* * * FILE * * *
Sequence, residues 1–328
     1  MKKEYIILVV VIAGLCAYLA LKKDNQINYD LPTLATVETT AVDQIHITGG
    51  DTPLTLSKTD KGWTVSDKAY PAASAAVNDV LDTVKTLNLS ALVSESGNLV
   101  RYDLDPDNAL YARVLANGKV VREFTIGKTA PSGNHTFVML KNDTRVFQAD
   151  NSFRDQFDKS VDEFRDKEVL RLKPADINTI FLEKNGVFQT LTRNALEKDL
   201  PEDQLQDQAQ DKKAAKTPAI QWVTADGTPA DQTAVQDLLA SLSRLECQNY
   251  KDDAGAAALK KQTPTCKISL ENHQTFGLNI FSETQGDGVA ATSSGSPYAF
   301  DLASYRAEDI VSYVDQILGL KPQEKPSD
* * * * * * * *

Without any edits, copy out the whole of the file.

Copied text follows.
Sequence, residues 1–328
     1  MKKEYIILVV VIAGLCAYLA LKKDNQINYD LPTLATVETT AVDQIHITGG
    51  DTPLTLSKTD KGWTVSDKAY PAASAAVNDV LDTVKTLNLS ALVSESGNLV
   101  RYDLDPDNAL YARVLANGKV VREFTIGKTA PSGNHTFVML KNDTRVFQAD
   151  NSFRDQFDKS VDEFRDKEVL RLKPADINTI FLEKNGVFQT LTRNALEKDL
   201  PEDQLQDQAQ DKKAAKTPAI QWVTADGTPA DQTAVQDLLA SLSRLECQNY
   251  KDDAGAAALK KQTPTCKISL ENHQTFGLNI FSETQGDGVA ATSSGSPYAF
   301  DLASYRAEDI VSYVDQILGL KPQEKPSD